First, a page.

Read the Statute,  Read the Statute,  Read the Statute!”
Justice Felix Frankfurter said that   The language of the text of the statute should serve as the starting point for any inquiry into its meaning.    To properly understand and interpret a statute, [first] you must read the text closely, keeping in mind that your initial understanding of the text may not be the only plausible interpretation of the statute or even the correct one.
Learn More⇒ A Guide to reading, interpreting and applying statutes by   GeorgeTown.Edu   and * Wikipedia
The way I heard it, either in my one year of correspondence law school or two years of beginners Talmud was:
Read the law three times, then when you think you understand it, read it again.

The starting point in statutory construction is the language of the statute itself. The Supreme Court often recites the “plain meaning rule,” that, if the language of the statute is clear, there is no need to look outside the statute to its legislative history in order to ascertain the statute’s meaning.

Felix Frankfurther - Wikipedia
Felix Frankfurther – Wikipedia
Guide to Reading Statutes - George Town University 21 pages
Guide to Reading Statutes – George Town University 21 pages
King v Burwell - Subsidies Upheld - ScotusCare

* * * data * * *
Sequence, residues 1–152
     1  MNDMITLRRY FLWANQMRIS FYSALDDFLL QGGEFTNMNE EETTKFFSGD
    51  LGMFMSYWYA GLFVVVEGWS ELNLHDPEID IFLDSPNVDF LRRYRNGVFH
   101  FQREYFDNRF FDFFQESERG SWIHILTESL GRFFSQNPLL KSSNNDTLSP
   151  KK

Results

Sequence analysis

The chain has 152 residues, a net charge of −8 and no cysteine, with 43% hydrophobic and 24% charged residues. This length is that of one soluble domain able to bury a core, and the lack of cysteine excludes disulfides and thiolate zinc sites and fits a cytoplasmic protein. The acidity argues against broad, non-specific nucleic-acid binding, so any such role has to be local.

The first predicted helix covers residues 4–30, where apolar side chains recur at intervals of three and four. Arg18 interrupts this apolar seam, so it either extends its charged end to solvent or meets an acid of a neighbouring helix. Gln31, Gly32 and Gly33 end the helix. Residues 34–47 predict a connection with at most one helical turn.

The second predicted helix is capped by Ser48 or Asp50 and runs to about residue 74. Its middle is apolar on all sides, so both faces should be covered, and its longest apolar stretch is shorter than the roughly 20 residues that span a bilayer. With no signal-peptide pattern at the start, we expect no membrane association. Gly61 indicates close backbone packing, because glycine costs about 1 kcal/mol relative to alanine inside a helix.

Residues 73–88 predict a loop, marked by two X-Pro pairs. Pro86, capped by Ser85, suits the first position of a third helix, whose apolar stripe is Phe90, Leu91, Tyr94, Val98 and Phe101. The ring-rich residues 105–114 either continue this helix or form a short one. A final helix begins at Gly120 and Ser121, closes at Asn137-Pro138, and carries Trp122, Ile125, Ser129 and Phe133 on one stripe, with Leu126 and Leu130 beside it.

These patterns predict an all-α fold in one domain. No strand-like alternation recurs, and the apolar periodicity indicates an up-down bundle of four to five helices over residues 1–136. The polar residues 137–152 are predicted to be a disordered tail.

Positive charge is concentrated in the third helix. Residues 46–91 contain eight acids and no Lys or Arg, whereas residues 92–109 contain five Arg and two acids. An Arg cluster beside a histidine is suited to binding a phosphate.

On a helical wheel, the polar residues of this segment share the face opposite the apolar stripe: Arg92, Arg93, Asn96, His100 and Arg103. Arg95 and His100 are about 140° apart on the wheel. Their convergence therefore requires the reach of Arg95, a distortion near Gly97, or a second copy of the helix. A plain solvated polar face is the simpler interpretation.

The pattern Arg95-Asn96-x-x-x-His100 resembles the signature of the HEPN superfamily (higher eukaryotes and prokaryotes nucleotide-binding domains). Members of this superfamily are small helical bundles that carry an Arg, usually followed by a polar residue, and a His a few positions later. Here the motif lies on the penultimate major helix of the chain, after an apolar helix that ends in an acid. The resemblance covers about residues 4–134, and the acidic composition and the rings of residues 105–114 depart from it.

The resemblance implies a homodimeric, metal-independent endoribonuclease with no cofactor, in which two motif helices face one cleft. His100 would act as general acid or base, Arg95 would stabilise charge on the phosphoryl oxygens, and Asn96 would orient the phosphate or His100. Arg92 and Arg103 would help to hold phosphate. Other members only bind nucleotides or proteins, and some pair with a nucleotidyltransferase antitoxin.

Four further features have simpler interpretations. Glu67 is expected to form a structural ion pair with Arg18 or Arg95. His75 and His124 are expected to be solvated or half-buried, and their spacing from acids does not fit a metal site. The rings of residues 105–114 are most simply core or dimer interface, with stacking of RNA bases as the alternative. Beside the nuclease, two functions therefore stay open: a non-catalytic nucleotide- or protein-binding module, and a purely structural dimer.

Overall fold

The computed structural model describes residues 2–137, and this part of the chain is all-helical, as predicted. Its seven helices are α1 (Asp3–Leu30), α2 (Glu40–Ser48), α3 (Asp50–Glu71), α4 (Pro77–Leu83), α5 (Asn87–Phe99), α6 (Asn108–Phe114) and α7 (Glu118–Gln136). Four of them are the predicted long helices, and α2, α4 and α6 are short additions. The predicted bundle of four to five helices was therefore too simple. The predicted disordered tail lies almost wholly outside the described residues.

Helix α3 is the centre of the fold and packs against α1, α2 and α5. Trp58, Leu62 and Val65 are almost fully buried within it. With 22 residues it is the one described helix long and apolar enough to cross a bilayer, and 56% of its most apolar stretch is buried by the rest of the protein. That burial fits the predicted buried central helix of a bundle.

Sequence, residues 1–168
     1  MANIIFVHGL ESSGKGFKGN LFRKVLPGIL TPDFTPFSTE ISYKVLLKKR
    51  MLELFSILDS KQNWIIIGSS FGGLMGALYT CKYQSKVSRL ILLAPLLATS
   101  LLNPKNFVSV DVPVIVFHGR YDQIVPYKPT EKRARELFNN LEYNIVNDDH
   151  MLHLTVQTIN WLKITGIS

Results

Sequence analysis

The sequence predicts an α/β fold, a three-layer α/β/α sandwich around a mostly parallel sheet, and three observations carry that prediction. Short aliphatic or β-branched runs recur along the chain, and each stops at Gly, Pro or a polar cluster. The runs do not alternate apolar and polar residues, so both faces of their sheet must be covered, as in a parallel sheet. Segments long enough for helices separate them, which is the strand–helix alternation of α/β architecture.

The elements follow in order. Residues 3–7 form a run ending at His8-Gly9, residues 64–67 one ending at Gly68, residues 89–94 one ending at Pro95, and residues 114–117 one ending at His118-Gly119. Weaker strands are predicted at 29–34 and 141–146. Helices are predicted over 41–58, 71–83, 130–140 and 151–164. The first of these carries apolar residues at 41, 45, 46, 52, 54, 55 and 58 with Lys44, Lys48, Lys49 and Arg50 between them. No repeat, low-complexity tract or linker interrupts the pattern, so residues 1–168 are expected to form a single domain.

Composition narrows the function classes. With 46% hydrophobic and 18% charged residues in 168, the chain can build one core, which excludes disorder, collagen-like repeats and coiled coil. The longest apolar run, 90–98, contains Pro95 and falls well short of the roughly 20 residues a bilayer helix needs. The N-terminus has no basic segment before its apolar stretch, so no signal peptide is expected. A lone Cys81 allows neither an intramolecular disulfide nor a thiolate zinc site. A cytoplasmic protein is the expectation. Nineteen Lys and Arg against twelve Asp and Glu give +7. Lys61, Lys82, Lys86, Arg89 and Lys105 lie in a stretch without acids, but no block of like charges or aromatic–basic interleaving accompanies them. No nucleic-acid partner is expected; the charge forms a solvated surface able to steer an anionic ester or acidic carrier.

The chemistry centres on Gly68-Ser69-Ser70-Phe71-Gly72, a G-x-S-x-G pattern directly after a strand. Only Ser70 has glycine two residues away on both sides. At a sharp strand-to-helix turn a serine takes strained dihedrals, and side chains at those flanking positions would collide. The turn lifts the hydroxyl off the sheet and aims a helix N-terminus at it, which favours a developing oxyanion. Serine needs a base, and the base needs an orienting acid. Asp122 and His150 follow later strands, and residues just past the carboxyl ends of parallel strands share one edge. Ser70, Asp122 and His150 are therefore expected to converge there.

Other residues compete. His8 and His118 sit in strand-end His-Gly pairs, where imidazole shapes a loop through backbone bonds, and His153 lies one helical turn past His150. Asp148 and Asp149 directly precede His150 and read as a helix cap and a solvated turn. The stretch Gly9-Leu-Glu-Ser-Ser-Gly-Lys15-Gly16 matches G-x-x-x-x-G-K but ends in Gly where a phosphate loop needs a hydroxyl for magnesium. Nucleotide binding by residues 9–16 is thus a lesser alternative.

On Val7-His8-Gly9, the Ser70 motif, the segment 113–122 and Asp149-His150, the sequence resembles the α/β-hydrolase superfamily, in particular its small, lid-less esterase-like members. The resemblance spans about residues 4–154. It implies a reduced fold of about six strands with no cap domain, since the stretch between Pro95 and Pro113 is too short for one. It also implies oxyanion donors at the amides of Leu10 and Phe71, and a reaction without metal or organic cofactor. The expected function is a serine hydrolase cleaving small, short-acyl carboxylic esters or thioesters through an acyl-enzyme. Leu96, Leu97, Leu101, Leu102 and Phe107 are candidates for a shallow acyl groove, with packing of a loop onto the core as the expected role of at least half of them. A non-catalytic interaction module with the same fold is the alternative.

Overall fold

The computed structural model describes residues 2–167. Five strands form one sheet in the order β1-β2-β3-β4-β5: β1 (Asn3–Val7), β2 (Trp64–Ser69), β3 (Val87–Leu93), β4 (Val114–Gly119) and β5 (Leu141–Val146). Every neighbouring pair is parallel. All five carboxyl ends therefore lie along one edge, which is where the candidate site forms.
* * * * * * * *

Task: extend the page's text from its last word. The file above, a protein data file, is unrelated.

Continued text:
King v Burwell – Subsidies Upheld – ScotusCare
 Tools to Read a Statute



A cardinal rule of construction is that a statute should be read as a harmonious whole, with its various parts being interpreted within their broader statutory context in a manner that furthers statutory purposes.  A provision that may seem ambiguous in isolation is often clarified by the remainder of the statutory scheme — because the same terminology is used elsewhere in a context that makes its meaning clear, or because only one of the permissible meanings produces a substantive effect that is compatible with the rest of the law.”

In Edgar v. MITE Corp., 457 U.S. 624 (1982), the Supreme Court ruled: “A state statute is void to the extent that it actually conflicts with a valid Federal statute.” In effect, this means that a State law will be found to violate the supremacy clause when either of the following two conditions (or both) exist:[3]

  1. Compliance with both the Federal and State laws is impossible, or
  2. “…state law stands as an obstacle to the accomplishment and execution of the full purposes and objectives of Congress…”

Supreme Court – FINAL Ruling – Subsidies Upheld in Federal Exchange
47 Pages, view our highlights, annotations & bookmarks


Resources & Links

Wikipedia  PDF Congressional Research Service on plain meaning rule

California Civil Code 1635 et seq – Interpretation of Contracts


Thomas v Quintero

Georgetown University 21 pages on how to read, interpret and apply statutes

Parol Evidence Rule Wikipedia – Contract stands by itself – can’t bring up discussions or agreements that were prior to actually signing the written Contract

Related Web Pages

Jiggery – Pokery – Subsidies and Interpretation – Obamacare




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